“I’m excited to run for treasurer,” Scholl said. “I want to utilize the experience I have in the county finance and treasurer office to provide a real community benefit. I will be the only candidate ready on day one and will hit the ground running with my experience.”

Murray, a political newcomer who has shown a never-say-die attitude to get on the ballot without assembly participation, said she preferred reaching out to regular voters in her mission to become county treasurer.

“I qualified for the ballot as a petition candidate, so I really focused on getting around and talking to a broad base of support,” Murray said. “I am officially on the ballot and running to become Summit County treasurer, and I am really excited to keep going and make a difference in Summit County.”

Emily Tracy, vice chair of Summit County Democrats, said that the assembly was a resounding success of party organizing. She attributed enthusiasm to the solid crop of Democrats running for office this year.

“Everyone at the assembly was very upbeat,” Tracy said. “A lot of that has to do with the fact that we have a really rich group of party candidates running for local, state and federal office. Even discussion of the platform resolution, usually the most contentious, was positive. People here just want to contribute and help out with the issues our party cares about the most.”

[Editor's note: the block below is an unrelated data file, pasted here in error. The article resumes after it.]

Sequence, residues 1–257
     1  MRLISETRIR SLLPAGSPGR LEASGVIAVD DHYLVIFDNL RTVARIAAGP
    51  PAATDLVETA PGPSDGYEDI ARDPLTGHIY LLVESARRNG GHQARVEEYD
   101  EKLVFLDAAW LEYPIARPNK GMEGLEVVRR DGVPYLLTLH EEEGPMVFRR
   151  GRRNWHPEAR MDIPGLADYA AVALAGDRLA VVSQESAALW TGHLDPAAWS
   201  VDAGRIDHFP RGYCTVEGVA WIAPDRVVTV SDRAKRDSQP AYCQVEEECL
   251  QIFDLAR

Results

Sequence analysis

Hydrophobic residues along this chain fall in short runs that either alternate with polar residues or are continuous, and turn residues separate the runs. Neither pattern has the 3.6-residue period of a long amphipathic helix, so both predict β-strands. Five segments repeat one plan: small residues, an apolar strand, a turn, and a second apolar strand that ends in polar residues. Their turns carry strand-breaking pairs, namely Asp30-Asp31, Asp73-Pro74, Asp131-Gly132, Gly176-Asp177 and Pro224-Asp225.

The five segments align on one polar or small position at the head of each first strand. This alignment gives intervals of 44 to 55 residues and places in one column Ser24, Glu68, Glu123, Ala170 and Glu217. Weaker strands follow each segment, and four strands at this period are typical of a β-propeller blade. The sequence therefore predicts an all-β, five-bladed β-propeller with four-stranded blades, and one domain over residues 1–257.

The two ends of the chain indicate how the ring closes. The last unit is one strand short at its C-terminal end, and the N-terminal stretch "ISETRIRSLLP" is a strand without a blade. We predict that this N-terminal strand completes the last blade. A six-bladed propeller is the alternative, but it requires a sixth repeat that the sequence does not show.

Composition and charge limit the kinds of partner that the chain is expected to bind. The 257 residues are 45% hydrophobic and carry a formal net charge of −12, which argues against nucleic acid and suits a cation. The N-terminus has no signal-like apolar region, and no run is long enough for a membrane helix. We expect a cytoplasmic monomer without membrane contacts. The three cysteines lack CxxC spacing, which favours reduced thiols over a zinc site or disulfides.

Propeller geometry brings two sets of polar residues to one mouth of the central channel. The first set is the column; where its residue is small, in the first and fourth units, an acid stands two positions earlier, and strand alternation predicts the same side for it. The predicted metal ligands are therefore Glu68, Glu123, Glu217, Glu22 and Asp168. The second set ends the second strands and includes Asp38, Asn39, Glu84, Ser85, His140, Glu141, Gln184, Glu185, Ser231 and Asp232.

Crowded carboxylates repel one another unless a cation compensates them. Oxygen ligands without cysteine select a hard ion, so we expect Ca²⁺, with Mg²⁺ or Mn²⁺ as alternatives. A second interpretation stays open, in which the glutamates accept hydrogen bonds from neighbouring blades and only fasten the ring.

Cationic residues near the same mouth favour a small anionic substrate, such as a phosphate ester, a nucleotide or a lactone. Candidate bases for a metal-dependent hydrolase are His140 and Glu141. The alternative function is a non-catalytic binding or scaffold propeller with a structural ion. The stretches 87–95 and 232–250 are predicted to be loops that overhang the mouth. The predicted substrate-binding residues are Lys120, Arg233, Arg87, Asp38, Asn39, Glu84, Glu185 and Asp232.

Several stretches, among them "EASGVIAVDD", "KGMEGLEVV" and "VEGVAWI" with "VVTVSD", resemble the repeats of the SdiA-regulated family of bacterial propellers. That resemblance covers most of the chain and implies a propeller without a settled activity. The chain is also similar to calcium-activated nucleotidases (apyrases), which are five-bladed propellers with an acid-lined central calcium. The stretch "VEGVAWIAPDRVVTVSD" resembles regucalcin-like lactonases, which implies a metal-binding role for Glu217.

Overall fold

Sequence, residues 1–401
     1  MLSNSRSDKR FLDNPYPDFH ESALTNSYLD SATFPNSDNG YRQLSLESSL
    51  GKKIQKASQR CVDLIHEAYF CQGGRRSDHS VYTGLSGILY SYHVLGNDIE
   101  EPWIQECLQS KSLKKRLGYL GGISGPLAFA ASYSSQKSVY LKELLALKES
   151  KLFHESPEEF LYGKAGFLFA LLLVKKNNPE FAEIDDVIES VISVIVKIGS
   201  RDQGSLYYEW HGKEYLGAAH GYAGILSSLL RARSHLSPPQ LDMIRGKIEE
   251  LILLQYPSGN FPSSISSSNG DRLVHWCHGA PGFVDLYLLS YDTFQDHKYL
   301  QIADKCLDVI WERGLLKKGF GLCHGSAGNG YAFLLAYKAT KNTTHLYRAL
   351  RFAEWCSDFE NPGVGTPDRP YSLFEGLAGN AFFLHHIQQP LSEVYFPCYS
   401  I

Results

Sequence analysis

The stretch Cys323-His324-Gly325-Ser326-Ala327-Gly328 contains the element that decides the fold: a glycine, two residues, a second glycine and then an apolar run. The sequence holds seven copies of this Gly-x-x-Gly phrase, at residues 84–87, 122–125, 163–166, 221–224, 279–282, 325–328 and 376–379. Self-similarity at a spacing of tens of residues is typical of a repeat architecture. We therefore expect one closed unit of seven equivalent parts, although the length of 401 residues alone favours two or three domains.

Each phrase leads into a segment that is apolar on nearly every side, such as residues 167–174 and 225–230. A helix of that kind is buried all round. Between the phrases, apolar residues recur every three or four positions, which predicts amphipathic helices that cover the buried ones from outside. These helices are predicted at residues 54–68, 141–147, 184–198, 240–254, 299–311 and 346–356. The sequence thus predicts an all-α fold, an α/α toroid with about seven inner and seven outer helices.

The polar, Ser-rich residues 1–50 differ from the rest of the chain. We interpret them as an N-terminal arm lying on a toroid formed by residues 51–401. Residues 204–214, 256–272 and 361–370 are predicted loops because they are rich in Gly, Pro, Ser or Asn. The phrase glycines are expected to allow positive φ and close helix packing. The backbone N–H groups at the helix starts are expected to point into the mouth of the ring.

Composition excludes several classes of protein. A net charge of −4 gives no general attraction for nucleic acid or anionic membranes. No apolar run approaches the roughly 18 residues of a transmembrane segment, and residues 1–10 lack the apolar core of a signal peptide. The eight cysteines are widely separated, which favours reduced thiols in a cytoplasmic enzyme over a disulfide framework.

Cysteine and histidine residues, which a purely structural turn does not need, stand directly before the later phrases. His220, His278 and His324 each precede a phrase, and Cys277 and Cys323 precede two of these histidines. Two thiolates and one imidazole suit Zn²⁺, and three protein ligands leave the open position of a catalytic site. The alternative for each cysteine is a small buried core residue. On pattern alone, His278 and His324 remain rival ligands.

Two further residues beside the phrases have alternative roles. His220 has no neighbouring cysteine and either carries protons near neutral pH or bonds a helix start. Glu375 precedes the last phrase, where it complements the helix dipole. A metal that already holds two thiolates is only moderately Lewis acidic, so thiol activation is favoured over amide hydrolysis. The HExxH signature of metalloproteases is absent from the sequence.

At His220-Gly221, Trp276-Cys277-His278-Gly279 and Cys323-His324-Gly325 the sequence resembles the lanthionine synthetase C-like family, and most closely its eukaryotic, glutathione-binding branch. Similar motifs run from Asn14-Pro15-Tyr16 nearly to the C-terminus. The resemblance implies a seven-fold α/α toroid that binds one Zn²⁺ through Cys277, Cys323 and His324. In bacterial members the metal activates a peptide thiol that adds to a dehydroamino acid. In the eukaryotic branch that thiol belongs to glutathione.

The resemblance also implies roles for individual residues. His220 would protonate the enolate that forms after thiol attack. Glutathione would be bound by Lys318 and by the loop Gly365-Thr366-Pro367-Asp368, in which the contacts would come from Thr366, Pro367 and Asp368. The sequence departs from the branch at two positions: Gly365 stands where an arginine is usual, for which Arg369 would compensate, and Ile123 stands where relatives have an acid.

The next step in the nomination process are the congressional and state conventions on April 13 and 14 at the 1stBank Center in Broomfield. Delegates will be once again convene to decide which candidates should run in the June primary, this time needing to meet a 30 percent threshold to remain in the race.


This article has been updated to clarify that Ryne Scholl also qualified by petition.